Does decidability of a theory imply completeness of the theory?

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4Noosphere89

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6Rafael Harth

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No. This answer to a related stack-overflow question explains why:

That is to say a first order logic without any predicate or function symbols is decidable. But you can have incomplete theories in such a signature.

Thank you for answering the question quickly, it was nice to know that being decidable wasn't implying completeness like completeness implied decidability.

2

Completeness doesn't imply decidability though? Peano arithmetic is complete and undecidable. Maybe you meant completeness + semidecidability - > decidability?

6

Peano arithmetic is not complete. I think the claim from my post is correct except that it misses having a computable set of axioms as a second requirement (which in the post more or less follows from context, though I should still probably add it explicitly) actually nvm I did say this in the post. (See e.g. https://math.stackexchange.com/questions/1280043/every-complete-axiomatizable-theory-is-decidable)

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Your post is below, so anyone else can follow this conversation if necessary.
https://www.lesswrong.com/posts/Tb4mJWh3FYGRyid6C/understanding-goedel-s-incompleteness-theorem

2

Sure, that's true. I should've said the theory of the standard model of Peano arithmetic. That's complete, undecidable and can't have a recursive axiom system.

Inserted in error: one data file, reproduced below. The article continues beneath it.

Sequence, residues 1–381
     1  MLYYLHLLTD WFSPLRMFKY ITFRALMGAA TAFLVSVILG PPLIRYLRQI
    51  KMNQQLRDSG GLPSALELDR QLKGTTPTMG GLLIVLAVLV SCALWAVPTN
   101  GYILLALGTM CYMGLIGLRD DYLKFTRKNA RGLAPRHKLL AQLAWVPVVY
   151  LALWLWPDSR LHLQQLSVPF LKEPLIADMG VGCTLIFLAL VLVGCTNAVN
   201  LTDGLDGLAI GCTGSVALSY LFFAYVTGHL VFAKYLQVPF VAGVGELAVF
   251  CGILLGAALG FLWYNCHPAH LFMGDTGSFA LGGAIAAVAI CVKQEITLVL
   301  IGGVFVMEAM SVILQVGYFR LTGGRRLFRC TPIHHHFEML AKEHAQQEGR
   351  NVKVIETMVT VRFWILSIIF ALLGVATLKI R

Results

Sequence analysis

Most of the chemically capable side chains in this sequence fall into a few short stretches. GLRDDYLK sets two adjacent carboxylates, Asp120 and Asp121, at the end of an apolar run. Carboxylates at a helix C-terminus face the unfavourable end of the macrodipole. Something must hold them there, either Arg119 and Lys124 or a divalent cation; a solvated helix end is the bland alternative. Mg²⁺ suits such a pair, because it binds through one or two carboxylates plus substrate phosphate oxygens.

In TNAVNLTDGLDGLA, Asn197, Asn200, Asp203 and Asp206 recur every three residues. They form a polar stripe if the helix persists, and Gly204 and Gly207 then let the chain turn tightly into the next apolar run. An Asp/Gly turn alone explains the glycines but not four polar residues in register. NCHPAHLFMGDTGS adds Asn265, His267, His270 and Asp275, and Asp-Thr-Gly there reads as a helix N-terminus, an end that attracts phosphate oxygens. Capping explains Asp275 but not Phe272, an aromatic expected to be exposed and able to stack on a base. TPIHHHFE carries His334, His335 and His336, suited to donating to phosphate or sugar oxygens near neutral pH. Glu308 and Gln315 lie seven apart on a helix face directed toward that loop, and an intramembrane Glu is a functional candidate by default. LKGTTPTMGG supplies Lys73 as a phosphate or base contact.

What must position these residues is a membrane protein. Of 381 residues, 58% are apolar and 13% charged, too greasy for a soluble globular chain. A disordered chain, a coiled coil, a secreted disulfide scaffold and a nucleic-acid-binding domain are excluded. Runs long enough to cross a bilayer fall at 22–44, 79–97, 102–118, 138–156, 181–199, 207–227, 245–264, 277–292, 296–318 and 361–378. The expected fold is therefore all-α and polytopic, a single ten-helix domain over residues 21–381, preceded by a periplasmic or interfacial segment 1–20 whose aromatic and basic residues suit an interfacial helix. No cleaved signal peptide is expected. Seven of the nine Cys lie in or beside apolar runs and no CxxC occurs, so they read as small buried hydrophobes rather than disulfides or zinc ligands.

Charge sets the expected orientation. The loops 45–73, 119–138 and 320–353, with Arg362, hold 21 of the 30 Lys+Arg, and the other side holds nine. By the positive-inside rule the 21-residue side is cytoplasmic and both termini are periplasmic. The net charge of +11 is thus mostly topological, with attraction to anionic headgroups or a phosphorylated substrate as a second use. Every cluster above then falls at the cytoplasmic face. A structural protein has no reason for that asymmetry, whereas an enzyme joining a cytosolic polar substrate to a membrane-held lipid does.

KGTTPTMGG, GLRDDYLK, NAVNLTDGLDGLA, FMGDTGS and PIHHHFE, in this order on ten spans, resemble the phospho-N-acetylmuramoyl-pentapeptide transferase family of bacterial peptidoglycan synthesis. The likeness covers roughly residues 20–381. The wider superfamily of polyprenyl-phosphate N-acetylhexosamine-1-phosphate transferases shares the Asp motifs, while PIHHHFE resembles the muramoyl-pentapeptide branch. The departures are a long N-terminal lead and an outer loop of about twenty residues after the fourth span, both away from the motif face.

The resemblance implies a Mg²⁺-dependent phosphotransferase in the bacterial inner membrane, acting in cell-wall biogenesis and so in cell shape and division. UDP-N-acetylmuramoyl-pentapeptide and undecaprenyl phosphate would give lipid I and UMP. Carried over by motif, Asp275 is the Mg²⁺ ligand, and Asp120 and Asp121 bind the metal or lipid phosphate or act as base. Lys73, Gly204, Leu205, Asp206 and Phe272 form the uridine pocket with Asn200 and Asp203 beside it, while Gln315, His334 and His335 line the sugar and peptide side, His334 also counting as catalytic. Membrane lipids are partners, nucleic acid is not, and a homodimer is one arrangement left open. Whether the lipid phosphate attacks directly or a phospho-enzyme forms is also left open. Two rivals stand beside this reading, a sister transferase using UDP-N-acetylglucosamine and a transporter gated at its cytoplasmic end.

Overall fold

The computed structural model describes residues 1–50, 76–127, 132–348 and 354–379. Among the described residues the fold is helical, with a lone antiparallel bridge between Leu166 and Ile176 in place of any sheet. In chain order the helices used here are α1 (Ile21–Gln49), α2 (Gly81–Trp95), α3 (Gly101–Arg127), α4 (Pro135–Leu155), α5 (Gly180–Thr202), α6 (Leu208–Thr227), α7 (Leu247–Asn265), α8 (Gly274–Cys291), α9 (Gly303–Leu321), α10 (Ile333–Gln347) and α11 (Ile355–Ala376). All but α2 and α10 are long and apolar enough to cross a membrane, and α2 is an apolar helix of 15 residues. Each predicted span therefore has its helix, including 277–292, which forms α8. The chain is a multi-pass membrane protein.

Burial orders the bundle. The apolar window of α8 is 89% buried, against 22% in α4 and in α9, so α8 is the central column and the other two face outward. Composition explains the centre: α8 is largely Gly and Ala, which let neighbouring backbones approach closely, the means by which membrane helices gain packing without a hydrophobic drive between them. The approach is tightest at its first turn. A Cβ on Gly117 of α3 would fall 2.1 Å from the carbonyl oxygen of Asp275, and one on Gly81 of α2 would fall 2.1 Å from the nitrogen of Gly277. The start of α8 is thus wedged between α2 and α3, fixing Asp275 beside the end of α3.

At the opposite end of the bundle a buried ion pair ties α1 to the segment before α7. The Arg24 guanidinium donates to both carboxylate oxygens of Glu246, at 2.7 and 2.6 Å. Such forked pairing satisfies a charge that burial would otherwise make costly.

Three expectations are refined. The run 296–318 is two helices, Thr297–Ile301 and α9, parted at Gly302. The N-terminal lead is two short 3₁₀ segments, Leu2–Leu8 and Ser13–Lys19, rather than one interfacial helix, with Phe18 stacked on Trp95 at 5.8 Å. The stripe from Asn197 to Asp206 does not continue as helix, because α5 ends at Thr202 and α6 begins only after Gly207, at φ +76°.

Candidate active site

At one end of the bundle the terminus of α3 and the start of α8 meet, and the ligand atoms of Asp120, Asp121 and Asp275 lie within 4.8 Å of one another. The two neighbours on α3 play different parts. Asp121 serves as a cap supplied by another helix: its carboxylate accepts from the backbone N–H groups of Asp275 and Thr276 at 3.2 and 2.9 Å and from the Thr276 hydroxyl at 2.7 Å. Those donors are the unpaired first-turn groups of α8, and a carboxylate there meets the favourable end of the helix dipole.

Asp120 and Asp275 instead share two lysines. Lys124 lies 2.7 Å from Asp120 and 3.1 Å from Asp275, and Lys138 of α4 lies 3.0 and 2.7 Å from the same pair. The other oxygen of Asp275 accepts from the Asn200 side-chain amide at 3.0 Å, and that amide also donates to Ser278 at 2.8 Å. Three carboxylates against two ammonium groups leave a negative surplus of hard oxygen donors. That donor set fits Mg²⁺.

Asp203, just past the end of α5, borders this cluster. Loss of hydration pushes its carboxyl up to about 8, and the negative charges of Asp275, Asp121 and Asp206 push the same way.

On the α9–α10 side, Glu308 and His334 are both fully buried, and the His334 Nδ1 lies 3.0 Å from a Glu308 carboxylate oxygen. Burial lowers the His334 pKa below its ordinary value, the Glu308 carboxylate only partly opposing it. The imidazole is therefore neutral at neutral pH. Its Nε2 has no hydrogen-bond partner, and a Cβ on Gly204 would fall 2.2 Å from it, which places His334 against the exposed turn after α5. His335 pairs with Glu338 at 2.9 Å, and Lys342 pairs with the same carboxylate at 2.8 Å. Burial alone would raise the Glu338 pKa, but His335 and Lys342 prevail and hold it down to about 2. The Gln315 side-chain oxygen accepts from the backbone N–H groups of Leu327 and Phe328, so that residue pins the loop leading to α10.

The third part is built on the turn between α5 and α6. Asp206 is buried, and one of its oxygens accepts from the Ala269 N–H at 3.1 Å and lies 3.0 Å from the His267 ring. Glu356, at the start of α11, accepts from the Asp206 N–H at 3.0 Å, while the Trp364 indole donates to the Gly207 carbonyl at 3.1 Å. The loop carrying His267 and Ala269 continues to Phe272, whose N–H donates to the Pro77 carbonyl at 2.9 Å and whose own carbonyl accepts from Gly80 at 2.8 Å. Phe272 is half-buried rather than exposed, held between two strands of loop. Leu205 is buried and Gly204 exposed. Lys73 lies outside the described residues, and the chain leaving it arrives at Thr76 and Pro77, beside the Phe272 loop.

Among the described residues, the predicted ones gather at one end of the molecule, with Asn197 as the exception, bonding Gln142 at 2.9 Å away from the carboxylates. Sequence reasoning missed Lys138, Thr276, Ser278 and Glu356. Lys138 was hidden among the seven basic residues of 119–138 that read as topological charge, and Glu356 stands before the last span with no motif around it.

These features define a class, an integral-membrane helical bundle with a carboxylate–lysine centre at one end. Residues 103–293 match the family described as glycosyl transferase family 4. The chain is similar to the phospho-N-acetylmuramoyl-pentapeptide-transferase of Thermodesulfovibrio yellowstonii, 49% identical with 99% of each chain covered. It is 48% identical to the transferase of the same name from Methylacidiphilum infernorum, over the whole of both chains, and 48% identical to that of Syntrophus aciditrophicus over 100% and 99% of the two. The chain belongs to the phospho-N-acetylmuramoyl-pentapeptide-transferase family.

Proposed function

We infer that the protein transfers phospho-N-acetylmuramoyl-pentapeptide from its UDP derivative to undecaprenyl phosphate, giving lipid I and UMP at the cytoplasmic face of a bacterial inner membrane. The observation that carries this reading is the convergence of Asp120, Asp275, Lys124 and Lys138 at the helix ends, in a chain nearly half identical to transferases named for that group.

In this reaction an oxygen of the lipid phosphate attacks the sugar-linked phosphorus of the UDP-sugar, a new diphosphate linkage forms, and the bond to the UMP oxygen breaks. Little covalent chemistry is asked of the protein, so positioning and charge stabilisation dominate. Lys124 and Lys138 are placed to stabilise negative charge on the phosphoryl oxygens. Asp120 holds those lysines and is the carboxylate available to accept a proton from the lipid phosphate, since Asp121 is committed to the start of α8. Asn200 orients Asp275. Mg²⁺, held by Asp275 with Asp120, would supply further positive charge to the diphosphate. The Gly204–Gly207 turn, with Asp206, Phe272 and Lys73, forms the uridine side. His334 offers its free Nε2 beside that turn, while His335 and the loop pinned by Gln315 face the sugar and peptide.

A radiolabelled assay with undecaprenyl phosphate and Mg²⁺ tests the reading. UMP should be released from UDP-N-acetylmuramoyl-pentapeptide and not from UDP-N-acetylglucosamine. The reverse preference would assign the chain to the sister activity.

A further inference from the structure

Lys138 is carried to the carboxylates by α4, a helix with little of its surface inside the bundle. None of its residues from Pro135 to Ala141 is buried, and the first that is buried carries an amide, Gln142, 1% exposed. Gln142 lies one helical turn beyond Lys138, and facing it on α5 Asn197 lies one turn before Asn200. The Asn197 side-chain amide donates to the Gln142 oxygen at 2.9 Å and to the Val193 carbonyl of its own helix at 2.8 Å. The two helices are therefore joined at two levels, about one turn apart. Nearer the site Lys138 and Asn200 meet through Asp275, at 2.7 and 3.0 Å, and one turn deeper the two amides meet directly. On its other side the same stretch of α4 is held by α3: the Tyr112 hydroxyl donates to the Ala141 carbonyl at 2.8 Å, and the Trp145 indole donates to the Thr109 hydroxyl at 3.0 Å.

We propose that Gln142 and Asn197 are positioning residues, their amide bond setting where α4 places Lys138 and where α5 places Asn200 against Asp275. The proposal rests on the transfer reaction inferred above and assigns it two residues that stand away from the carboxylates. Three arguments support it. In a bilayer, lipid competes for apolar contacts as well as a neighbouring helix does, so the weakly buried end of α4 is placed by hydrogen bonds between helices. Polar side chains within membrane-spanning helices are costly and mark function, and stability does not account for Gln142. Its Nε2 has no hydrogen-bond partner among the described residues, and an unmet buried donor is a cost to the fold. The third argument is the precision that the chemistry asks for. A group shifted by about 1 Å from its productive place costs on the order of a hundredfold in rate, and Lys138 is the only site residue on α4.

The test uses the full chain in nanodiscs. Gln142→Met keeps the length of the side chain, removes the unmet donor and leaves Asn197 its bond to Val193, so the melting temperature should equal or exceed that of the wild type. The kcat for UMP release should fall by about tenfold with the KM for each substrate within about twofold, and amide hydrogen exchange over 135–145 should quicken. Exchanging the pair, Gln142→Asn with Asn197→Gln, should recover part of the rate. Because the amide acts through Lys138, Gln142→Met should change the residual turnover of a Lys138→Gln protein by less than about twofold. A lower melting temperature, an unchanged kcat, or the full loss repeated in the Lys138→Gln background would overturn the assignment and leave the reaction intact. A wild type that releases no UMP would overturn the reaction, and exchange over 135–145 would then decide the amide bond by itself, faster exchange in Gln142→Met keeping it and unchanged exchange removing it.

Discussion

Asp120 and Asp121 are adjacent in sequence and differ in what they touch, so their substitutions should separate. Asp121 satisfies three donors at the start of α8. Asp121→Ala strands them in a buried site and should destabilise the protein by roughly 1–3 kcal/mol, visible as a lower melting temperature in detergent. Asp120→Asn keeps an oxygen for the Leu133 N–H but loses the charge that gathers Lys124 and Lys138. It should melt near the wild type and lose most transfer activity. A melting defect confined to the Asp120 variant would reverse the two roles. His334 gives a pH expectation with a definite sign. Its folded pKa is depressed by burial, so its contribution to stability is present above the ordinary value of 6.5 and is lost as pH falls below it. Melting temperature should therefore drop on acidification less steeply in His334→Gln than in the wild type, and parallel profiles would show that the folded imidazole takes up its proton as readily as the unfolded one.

2

I'm going to ask a new question, different from the old question I asked: Given a halt oracle added to the Turing Machine, that is a magical oracle tape that can solve all problems Turing-reducible to the halting problem, can we nail down the standard interpretation/model of Peano Arithmetic?

9

The true first-order theory of the standard model of arithmetic has Turing degree 0ω. That is to say, with an oracle for true arithmetic, you could decide the halting problem, but also the halting problem for oracle Turing machines with a halting-problem-for-regular-Turing-machines oracle, and the halting problem for oracle Turing machines with a halting oracle for those oracle Turing machines, and so on for any finite number of iterations. Conversely, if you had an oracle that solves the halting problem for any of these finitely-iterated-halting-problem-oracle Turing machines, you could decide true arithmetic.

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So the answer is no, even a magical halt oracle cannot compute the true first order theory of the standard model of arithmetic, but there are machines in which you can compute the true first order theory of the standard model of arithmetic.

5

Correct. Each iteration of the halting problem for oracle Turing machines (called the "Turing jump") takes you to a new level of relative undecidability, so in particular true arithmetic is strictly harder than the halting problem.

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Sort of, though I was thinking of this quote from Rafael Harth's post below:
I was trying to think of an answer to how this could work, or alternatively how this couldn't work.

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Based off that passage, I don't see Rafael Harth's argument works either.

I know right now that completeness implies decidability of a theory, but the question is essentially the converse of this:

Given an arbitrary formal theory that is somehow decidable by a Turing Machines, in the sense that for any sentence in the theory, you can decide it's truth or falsity by some means, can you show that it will inevitably be a complete theory?

If it isn't universally the case that decidability of a theory implies the completeness of a theory, are there any conditions that are required to have decidability of a theory be equivalent to completeness of a theory?